iv. Give reasons in writing if a requested/recommended accessibility measure or accommodation cannot be provided without undue delay, and bearing in mind the statutory timelines applicable for a given case/file; and

v. Not require the person with a disability to pay a fee for processing an accessibility request, or to provide a reasonable accommodation such as adjournment or time extension to address accessibility issues.”

III. Examination Process

While the examination process has significantly improved over the years, certain issues with the process continue to subsist. Some of these issues are responsible for delays in processing patent applications. Two issues that have been highlighted by the Courts also are:

a. Lack of analysis while raising objections based on statutory provisions and/or prior art references, which leave patent applicants guessing what the examiner meant; and

b. Raising new objections following the first statement of objections without issuing an examination report.

The first issue makes it difficult for applicants to address and resolve objections effectively, and the second issue gives rise to issues relating to fairness and natural justice. These concerns have also been highlighted by the Courts on different occasions.


The IP Office may consider including specific guidelines with respect to the approach, format, and analysis of statutory provisions and prior art that may form part of examination reports. The guidelines may also include specific and clear guidance on the mechanism to be adopted for raising new objections to reinitiate the examination process with requisite opportunities afforded to the applicant to respond to the same. In line with statutory provisions, the Manual may also provide for a bar on new objections at stages after the first examination report such as hearing without issuance of a subsequent examination report.

IV. Hearings and Objections

Over the years, the hearing system of the IP Office has been streamlined, and online hearings have become transparent and well organized. However, certain procedural and substantive issues with respect to hearings continue to subsist, and addressing them will help in making the process effective, efficient, and legally compliant. Some of the hearing issues being faced by patent agents/attorneys and applicants include:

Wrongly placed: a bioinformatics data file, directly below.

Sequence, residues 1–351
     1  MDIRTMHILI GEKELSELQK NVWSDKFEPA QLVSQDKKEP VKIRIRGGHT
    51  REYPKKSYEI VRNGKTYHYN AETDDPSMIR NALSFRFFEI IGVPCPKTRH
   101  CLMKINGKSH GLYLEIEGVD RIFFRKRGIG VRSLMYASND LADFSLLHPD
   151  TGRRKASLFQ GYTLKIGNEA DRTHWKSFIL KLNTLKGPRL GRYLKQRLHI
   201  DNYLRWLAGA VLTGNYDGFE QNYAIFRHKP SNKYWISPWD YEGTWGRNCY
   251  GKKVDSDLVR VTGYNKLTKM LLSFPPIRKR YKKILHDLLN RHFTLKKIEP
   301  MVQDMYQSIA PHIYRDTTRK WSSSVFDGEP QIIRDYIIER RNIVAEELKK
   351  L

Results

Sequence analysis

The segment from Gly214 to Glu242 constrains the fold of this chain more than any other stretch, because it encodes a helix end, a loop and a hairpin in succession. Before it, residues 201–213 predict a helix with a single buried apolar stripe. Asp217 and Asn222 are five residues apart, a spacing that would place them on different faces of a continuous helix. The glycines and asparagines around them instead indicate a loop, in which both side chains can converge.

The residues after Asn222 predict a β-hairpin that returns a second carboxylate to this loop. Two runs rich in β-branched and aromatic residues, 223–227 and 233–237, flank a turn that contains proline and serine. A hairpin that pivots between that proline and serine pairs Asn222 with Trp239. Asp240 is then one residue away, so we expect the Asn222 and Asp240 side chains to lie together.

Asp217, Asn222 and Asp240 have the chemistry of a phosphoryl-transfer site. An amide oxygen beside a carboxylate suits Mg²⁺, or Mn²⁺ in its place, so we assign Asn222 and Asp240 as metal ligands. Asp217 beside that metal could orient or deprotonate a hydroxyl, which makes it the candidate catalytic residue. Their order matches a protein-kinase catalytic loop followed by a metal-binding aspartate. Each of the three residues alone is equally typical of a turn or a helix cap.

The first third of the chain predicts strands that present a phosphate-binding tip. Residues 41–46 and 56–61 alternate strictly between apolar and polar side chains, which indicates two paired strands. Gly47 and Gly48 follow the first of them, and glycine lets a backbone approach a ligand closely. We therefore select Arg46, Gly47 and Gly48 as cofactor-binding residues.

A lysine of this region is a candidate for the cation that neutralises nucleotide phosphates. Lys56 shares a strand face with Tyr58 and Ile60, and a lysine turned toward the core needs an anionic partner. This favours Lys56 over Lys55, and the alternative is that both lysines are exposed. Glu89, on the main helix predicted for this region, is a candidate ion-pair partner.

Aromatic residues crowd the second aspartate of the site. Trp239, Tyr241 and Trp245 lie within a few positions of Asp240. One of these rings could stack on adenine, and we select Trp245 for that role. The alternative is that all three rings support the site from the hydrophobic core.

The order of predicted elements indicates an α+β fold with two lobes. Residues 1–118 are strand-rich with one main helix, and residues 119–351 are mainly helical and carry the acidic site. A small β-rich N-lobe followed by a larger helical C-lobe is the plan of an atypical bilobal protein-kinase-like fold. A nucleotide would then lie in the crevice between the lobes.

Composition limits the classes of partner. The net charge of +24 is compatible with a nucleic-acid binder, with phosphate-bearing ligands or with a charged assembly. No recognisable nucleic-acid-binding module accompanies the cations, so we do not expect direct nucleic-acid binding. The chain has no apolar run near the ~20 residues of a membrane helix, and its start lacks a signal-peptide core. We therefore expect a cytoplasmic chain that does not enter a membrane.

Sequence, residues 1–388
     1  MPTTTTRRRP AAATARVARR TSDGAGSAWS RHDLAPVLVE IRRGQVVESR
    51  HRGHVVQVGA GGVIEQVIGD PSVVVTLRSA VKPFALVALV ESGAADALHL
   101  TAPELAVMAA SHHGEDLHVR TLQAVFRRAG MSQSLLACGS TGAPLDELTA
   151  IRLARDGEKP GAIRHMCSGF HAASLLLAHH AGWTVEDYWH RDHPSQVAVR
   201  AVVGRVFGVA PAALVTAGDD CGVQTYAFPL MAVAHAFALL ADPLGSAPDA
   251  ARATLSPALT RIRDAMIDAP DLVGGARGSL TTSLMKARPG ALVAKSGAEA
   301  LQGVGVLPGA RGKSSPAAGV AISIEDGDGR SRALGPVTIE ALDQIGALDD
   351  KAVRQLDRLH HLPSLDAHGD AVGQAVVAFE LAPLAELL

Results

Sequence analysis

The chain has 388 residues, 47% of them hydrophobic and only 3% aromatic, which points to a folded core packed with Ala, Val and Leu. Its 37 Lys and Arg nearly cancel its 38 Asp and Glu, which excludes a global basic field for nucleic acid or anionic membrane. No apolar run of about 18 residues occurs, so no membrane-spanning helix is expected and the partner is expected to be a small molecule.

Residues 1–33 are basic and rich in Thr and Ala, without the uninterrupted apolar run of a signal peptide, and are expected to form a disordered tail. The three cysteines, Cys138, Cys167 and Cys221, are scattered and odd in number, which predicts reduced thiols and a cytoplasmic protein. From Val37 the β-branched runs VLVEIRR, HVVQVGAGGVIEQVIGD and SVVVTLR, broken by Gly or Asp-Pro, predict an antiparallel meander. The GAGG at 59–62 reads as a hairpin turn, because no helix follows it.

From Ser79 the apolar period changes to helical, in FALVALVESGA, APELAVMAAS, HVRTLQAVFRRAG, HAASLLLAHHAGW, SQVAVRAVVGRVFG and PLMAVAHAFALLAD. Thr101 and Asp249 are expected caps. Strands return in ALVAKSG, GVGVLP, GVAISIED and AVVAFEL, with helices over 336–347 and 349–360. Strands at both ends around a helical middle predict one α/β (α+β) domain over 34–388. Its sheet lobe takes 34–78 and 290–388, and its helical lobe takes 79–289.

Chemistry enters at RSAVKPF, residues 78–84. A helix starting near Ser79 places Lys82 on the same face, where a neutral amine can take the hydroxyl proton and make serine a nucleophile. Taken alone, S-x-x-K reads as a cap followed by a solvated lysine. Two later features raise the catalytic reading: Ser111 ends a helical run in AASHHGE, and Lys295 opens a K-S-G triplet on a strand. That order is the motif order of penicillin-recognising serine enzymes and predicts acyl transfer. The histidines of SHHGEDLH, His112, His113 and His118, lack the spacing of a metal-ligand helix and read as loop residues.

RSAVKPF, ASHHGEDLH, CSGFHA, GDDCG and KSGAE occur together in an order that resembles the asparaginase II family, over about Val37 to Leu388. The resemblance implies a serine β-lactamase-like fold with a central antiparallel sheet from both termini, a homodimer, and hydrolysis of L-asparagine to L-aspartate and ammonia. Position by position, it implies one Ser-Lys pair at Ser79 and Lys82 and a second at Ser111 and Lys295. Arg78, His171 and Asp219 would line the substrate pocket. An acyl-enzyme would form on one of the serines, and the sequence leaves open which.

a. Raising of new objections and/or prior art in the hearing notice, or during the hearing;

b. Lack of a timeline for issuance of orders following hearings; and

c. Lack of process clarity with respect to formal adjournment filings, and non-attendance of hearing officers at scheduled hearings.


The IP Office may consider incorporating guidelines with respect to hearing notices and conducting of hearings in the Manual. The guidelines may clearly state that it is not permitted to cite new prior arts or new objections at the hearing stage. This will enable compliance with statutory and natural justice requirements and will also bring about predictability and certainty to the hearing process.

Additionally, the IP Office may also consider incorporating specific timelines for issuance of orders following hearings within the Manual. Furthermore, the IP Office may also include clear protocols with respect to adjournment requests and related decisions, and the process with respect to hearings missed by hearing officers or attorneys.

V. Opposition Process

The opposition process is well defined and laid out in the Manual and is generally conducted in an organized manner. However, there is lack of clarity and transparency with respect to certain matters that form part of the opposition.

a. The order constituting the opposition board is not published, which makes it impossible for the patentee as well as the opponent to learn about the members of the board until a report is given;

b. There is no guidance on how the opposition board members will be picked, and whether they are expected to have a good understanding of applicable patent provisions and the technology to which the invention relates; and

c. Opposition proceedings are currently not conducted in a time driven manner.

Addressing the aforementioned issues can help in making the process transparent, in improving quality, certainty, and predictability of the process, and in ensuring that applicable law is duly followed.


The IP Office may consider providing guidance on how members of the opposition board must be selected in the Manual. The Manual may clearly state that the order constituting the opposition board shall be made available to the parties and also published online as a part of the prosecution history. Furthermore, specific guidance may be included in the Manual with respect to timelines within which Controllers are required to complete opposition proceedings.


The comments, suggestions, and opinions provided in this document are based on the experience and understanding of patent attorneys at BananaIP counsels. They may not be considered as generalization of any particular aspect or matter addressed in this document. It is understood that attorneys and experts within and outside BananaIP may have differing opinions and that the suggestions provided are not the only ways of resolving issues expounded in the document.

The views expressed in this document do not reflect the views of BananaIP’s clients.